Tin Sheds Gallery
MAKE CODE PLAY
DESIGNING INTERACTIVE FUTURES
Featuring work from the Design Lab, the Master in Interaction Design & Electronic Arts and the Bachelor of Design Computing.
3D printers that reward positive behaviour, robots that draw, bins that play, lights that beat in rhythm with your heart. This exhibition will showcase works that straddle the digital-physical nexus in an exploration of how design will shape the human experience of digital technologies in the near future.
Designers: Susanna Alarcon, Steven Bai, Oliver Bown, Sam Ferguson, Xavier Ho, Sam Johnson, Lian Loke, Rico Minten, Claudia Nunez-Pacheco, Andrej Prijic, Celeste Ranooja, Dagmar Reinhardt, Matthew Ritchie, Stela Solar, Rob Saunders, Martin Tomitsch, Nick Woods.
EXHIBITION RUNS:: October 28th - November 21st, 2014
GALLERY OPENING HOURS:: TUESDAY-FRIDAY, 11am-5pm
OFFICIAL OPENING NIGHT:: Tuesday, October 28, 6-8pm
THE MONOPOLY OF LEGITIMATE USE
THE MONOPOLY OF LEGITIMATE USE
Web Directions and the Design Lab at the University of Sydney present the latest work by acclaimed international artist and designer, Tobias Revell–The Monopoly of Legitimate Use. Hear Tobias speak about the work, and experience the three short films that comprise it, while sharing a drink courtesy of your hosts.
About The Monopoly of Legitimate Use: The Monopoly of Legitimate Use takes the very physical notion of inhabiting a space or territory into the technological world, where networks can form political territories and places where people can gather and align themselves to particular ideological beliefs. The three films, Bumper, Blackspot and Stateless explore three individuals – migrants and refugees – in a near future, moving between the layers of this vertical geography to try and find refuge or exploit the geography to their benefit. The films raise questions about the tools and methods we use to identify ourselves politically as well as the rebalance of control caused by network technology that is simultaneously globalising and localising.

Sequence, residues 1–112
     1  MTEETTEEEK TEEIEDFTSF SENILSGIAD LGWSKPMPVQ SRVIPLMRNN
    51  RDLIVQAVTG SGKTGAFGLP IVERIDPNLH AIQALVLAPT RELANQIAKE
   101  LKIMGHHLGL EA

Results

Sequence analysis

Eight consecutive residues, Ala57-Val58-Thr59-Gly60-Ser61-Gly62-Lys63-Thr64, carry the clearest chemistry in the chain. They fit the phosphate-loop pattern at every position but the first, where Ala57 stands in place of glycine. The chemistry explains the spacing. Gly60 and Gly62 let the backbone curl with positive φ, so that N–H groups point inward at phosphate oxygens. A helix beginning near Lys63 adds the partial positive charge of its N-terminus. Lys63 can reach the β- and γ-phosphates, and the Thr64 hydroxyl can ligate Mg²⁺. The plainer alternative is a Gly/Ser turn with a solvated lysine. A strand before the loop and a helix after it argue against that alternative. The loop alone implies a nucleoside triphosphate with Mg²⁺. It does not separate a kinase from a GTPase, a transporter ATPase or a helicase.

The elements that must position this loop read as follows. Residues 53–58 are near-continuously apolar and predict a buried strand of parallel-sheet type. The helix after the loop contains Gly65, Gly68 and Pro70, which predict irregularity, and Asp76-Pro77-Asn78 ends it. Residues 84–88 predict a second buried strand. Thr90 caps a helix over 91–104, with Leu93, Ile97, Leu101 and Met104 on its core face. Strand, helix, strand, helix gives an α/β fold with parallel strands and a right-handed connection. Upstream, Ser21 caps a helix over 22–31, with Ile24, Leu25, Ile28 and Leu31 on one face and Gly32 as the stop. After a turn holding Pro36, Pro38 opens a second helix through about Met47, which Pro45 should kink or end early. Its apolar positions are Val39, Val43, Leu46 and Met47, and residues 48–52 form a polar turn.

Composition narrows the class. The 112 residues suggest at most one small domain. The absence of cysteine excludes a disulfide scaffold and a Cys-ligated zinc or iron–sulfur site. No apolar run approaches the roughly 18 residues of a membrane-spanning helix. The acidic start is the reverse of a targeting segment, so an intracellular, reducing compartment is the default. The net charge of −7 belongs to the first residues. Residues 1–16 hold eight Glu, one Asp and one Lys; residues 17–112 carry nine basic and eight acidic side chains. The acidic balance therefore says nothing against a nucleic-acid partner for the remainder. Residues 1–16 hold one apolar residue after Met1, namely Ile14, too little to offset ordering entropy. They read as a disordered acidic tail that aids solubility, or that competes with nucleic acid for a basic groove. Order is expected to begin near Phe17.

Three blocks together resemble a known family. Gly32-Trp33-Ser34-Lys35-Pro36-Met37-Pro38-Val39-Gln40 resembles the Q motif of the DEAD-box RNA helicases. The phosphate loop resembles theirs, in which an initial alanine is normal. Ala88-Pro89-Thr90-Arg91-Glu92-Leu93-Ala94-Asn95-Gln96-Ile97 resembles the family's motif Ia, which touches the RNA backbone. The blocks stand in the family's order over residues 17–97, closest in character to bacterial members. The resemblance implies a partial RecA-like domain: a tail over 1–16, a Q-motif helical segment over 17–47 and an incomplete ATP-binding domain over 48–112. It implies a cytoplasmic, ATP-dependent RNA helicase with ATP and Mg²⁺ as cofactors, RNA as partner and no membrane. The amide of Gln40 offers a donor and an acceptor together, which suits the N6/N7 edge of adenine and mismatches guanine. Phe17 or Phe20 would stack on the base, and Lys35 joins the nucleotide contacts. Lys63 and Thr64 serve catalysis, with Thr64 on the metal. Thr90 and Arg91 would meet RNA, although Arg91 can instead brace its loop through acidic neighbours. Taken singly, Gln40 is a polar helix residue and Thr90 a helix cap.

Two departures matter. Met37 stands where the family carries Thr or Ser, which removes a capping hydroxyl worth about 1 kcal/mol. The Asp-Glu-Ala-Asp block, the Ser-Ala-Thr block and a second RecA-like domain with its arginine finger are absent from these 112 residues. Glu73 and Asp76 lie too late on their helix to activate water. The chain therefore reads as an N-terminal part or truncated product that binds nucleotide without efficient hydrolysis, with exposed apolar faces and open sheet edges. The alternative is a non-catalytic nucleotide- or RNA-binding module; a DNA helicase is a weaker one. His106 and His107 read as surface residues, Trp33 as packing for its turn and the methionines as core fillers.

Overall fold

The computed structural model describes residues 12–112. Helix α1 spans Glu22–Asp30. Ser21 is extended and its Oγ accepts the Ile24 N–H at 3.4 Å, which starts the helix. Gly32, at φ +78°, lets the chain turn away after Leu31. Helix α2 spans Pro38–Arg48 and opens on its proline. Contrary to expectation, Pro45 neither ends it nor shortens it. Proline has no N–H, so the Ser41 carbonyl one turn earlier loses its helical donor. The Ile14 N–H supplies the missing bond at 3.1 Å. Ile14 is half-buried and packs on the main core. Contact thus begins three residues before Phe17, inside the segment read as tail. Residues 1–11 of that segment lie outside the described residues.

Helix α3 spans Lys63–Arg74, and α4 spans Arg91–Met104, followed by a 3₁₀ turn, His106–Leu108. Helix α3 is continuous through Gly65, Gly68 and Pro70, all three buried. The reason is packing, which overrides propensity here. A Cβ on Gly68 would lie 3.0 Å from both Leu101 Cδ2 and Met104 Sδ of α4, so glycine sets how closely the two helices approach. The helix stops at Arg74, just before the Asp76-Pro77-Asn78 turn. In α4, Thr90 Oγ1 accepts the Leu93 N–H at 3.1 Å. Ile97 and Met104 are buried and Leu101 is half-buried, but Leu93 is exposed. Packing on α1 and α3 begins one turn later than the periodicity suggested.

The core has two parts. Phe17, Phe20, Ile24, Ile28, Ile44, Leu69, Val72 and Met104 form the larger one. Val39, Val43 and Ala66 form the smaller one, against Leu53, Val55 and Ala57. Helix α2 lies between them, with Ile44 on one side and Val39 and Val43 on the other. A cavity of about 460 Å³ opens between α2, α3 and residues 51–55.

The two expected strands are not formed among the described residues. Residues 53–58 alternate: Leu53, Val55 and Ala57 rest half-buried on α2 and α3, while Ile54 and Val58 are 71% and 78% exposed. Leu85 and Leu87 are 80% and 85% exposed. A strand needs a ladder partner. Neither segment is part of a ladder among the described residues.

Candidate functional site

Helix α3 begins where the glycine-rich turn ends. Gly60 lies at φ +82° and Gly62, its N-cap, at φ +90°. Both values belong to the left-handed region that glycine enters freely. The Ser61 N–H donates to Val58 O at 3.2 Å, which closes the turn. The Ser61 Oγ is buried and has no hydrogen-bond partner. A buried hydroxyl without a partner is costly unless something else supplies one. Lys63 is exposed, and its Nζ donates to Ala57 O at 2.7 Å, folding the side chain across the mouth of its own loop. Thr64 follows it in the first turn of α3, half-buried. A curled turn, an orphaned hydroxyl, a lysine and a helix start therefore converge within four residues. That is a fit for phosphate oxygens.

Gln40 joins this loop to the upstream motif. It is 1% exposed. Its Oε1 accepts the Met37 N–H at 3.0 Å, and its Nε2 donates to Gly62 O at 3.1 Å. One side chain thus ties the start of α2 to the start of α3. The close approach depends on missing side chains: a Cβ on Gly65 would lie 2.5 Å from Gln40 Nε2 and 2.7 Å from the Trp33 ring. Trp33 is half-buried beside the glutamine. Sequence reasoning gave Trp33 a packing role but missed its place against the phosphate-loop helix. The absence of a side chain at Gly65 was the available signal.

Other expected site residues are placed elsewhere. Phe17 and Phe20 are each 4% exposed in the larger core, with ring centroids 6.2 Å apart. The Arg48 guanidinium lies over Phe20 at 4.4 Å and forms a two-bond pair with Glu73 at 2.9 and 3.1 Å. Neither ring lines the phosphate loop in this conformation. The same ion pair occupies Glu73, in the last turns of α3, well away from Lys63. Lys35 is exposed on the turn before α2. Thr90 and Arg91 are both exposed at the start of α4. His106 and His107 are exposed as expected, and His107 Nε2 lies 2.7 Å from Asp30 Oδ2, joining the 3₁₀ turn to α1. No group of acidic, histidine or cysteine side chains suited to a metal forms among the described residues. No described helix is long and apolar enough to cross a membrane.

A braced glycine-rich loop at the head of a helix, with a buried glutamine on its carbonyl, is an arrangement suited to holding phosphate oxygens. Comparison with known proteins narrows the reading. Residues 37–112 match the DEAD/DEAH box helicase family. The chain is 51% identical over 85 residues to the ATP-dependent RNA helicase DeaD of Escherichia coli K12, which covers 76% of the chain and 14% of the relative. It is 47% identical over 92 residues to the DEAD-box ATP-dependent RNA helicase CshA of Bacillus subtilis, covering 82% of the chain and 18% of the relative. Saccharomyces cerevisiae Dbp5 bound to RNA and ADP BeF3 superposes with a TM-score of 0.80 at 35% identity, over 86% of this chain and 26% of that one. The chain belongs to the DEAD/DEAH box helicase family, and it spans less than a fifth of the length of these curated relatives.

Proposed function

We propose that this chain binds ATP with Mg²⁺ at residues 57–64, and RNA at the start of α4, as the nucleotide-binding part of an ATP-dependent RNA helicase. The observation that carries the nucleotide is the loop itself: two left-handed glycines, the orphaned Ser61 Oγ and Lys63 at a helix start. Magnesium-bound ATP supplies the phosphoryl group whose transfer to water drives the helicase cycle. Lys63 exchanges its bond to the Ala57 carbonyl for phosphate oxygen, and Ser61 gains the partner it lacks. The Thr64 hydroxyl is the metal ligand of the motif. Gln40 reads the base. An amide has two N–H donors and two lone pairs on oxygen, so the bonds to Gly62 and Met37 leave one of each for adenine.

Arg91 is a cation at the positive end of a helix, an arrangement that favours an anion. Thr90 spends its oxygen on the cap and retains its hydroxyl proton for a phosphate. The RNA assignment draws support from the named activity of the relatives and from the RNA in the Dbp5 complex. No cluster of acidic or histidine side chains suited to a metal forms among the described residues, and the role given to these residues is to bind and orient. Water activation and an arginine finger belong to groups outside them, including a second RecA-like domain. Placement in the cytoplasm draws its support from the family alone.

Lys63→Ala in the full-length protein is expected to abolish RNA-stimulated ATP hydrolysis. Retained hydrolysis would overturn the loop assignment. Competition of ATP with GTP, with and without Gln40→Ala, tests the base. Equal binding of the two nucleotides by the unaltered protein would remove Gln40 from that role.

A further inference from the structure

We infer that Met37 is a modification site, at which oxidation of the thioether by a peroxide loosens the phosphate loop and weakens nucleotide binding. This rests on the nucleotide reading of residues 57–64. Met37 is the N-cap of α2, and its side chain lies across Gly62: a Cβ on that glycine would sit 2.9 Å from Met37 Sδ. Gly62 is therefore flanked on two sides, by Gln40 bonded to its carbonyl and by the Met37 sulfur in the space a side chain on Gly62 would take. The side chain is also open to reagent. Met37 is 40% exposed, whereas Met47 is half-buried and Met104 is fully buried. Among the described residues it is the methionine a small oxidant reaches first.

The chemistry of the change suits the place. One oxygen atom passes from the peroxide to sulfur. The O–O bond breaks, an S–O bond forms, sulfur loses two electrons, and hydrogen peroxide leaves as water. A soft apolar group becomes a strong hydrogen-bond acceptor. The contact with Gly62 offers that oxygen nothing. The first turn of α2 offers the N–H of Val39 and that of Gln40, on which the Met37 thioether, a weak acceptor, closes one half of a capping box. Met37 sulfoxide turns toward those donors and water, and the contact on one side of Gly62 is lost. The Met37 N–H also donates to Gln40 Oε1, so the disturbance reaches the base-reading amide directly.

On the southernmost tip of Dungeness beach, a lone figure hijacks the geography of this desolate place to piggyback wi-fi signals from France and trade as an EU citizen. Bumper highlights how established political and geographic borders are exploitable and malleable by networked technologies and how migration across borders, and the benefit that comes with it, does not necessarily need to be physical.
A businesswoman leaves the City in search of a blackspot, a near-fabled place where network coverage drops out so that she can receive a secret and important message over an independent mesh network. Blackspot looks at how moving through physical space can also mean moving through networked space and in an age of privacy concerns and overt sharing, the use of this space become more important.
In a public library, a controversial journalist deletes himself from the network and seamlessly replaces himself with another personality. Stateless expands on the old adage ‘on the Internet, no-one knows you’re a dog’ and looks at how the distance and anonymity granted by networks might be used by someone whose political identity is under threat from the state.